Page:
A Long-Lost Soviet Adaptation of The Lord of the Rings Resurfaces on YouTube–and Tolkien Fans Rejoice (1991)

When Peter Jack­son’s The Fel­low­ship of the Ring came out in 2001, it her­ald­ed a cin­e­mat­ic adap­ta­tion of J.R.R. Tolkien’s Lord of the Rings tril­o­gy that would, at long last, pos­sess scale, pro­duc­tion val­ue, and sheer ambi­tion enough to do jus­tice to the orig­i­nal nov­els. This set it some­what apart from the ver­sion of The Fel­low­ship of the Ring that had aired just ten years before on Leningrad Tele­vi­sion — and has­n’t been seen since, at least until its recent upload (in two parts) to Youtube. An unof­fi­cial adap­ta­tion, Khran­iteli tells a sto­ry every sin­gle Tolkien read­er around the world will rec­og­nize, even if they don’t under­stand unsub­ti­tled Russ­ian. The pro­duc­tion’s appeal lies in any case not in its dia­logue, but what we’ll call its look and feel.

“Fea­tur­ing a score by Andrei Romanov of the rock band Akvar­i­um and some incred­i­bly cheap pro­duc­tion design, no one is going to con­fuse this Lord of the Rings with Jackson’s films,” writes /Film’s Chris Evan­ge­lista. “The sets look like, well, sets, and the spe­cial effects — if you can call them that — are delight­ful­ly hokey. This appears to have had almost no bud­get, and that only lends to the charm.”

Despite its cheap­ness, Khran­iteli dis­plays exu­ber­ance on mul­ti­ple lev­els, includ­ing its often-the­atri­cal per­for­mances as well as visu­al effects, exe­cut­ed with the still-new video tech­nol­o­gy of the time, that oscil­late between the hok­i­ly tra­di­tion­al and the near­ly avant-garde. Some scenes, in fact, look not entire­ly dis­sim­i­lar to those of Pros­per­o’s Books, Peter Green­away’s high-tech vision of Shake­speare that also pre­miered in 1991.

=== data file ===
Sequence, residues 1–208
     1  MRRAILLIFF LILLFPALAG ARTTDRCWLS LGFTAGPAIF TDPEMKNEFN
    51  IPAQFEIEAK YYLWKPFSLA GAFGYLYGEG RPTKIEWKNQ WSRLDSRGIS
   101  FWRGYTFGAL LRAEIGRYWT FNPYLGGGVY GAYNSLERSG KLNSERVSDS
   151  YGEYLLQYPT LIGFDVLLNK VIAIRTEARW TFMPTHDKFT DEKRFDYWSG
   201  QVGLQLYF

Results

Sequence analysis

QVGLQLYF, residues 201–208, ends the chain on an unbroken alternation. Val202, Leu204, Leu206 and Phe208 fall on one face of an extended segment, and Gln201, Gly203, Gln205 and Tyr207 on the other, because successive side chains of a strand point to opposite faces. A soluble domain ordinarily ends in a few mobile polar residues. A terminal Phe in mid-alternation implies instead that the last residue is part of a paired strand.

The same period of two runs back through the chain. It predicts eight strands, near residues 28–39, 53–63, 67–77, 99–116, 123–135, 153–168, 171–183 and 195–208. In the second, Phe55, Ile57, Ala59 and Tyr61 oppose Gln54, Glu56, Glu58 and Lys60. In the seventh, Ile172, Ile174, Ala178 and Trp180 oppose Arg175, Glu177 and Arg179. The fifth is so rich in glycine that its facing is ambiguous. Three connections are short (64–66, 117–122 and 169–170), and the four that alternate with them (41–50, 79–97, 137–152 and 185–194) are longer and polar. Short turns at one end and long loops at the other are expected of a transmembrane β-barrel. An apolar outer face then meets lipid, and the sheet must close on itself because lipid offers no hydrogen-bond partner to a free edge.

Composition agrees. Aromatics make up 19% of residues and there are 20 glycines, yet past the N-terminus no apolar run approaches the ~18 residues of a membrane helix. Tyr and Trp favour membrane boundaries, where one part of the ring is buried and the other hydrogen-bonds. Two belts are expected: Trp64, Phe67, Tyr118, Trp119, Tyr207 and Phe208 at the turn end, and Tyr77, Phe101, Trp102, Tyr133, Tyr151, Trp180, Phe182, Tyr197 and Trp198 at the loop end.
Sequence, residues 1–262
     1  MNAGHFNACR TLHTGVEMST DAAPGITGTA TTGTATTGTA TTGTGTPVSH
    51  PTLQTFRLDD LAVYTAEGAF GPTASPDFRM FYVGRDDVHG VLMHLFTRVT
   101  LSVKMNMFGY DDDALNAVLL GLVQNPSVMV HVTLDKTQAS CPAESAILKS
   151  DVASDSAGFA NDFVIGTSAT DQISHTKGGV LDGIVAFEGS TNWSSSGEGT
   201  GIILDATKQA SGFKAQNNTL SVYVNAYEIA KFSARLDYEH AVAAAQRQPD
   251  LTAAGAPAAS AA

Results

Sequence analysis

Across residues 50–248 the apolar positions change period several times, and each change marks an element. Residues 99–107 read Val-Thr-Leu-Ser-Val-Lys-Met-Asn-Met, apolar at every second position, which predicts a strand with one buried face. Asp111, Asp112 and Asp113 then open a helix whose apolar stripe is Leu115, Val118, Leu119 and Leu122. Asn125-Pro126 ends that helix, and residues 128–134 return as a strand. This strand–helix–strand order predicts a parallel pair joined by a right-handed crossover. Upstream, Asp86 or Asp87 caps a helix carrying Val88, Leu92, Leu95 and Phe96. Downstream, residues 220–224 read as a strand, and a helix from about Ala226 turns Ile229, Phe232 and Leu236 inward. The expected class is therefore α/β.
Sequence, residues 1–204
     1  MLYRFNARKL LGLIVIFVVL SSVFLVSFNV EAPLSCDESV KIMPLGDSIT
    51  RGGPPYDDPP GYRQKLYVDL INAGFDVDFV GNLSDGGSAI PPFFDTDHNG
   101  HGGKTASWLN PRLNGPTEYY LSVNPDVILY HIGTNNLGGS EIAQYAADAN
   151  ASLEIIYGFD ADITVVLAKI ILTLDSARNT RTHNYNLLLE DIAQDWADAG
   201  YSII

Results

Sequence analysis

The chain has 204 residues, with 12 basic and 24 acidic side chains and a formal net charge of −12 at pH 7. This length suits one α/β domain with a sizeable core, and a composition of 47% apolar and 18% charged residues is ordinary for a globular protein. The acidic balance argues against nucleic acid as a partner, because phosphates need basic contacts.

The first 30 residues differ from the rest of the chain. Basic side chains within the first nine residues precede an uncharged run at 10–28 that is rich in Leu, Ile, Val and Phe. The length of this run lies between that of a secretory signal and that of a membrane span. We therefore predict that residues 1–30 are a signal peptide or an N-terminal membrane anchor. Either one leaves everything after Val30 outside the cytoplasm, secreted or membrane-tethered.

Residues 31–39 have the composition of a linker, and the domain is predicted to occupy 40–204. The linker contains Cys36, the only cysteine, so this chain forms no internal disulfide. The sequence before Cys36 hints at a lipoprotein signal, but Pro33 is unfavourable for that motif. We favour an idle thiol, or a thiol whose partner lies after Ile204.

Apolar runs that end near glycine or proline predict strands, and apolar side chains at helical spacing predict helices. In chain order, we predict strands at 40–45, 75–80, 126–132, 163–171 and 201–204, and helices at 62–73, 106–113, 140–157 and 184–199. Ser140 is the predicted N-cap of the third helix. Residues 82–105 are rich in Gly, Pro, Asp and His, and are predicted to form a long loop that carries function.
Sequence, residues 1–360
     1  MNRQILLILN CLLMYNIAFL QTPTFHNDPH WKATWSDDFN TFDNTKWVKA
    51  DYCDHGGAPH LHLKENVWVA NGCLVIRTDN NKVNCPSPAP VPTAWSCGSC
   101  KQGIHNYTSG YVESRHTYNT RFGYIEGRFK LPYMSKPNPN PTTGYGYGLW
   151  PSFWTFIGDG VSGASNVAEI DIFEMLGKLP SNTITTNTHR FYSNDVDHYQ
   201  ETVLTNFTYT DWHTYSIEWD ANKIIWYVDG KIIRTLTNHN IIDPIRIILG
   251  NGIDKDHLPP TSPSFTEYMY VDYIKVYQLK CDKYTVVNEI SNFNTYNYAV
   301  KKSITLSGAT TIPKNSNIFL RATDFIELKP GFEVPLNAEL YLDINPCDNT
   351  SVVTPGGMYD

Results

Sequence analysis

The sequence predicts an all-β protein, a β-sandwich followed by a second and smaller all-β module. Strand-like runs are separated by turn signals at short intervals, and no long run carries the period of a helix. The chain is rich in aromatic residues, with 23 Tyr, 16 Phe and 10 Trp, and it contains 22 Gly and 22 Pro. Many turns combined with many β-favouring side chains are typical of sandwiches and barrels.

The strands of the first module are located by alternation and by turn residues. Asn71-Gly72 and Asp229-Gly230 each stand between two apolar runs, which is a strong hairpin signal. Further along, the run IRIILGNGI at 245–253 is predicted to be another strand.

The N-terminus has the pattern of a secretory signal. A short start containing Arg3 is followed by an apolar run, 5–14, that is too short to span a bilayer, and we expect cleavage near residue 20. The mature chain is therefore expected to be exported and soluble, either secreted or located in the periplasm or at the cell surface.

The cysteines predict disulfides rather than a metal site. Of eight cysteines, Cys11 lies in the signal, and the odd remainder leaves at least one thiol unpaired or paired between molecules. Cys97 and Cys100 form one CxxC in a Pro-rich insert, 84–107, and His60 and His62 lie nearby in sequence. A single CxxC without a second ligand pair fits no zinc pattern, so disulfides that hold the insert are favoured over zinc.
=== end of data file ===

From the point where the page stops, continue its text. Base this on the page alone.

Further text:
That year was the Sovi­et Union’s last, and the pro­longed polit­i­cal shake­up that ensued could par­tial­ly explain why Khran­iteli went unseen for so long. Until now, obscu­ri­ty-hunters have had to make do with The Fairy­tale Jour­ney of Mr. Bil­bo Bag­gins, The Hob­bit (pre­vi­ous­ly fea­tured here on Open Cul­ture), Leningrad Tele­vi­sion’s ear­li­er adap­ta­tion of Tolkien’s pre-Lord of the Rings chil­dren’s nov­el. It was the now long-gone Leningrad Tele­vi­sion’s suc­ces­sor enti­ty 5TV that just put the Sovi­et Fel­low­ship of the Ring online — and in seem­ing­ly pris­tine con­di­tion at that — to the delight of glob­al Tolkien enthu­si­asts who’d known only rumors of its exis­tence. And as many of them have already found, for all the short­com­ings, Khran­iteli still has Tom Bom­badil, for whose omis­sion from his sprawl­ing block­busters Jack­son will sure­ly nev­er hear the end.

Relat­ed Con­tent:

The 1985 Sovi­et TV Adap­ta­tion of The Hob­bit: Cheap and Yet Strange­ly Charm­ing

Illus­tra­tions of The Lord of the Rings in Russ­ian Iconog­ra­phy Style (1993)

Sovi­et-Era Illus­tra­tions Of J. R. R. Tolkien’s The Hob­bit (1976)

The Lord of the Rings Mythol­o­gy Explained in 10 Min­utes, in Two Illus­trat­ed Videos

Based in Seoul, Col­in Mar­shall writes and broad­casts on cities, lan­guage, and cul­ture. His projects include the Sub­stack newslet­ter Books on Cities, the book The State­less City: a Walk through 21st-Cen­tu­ry Los Ange­les and the video series The City in Cin­e­ma. Fol­low him on Twit­ter at @colinmarshall or on Face­book.

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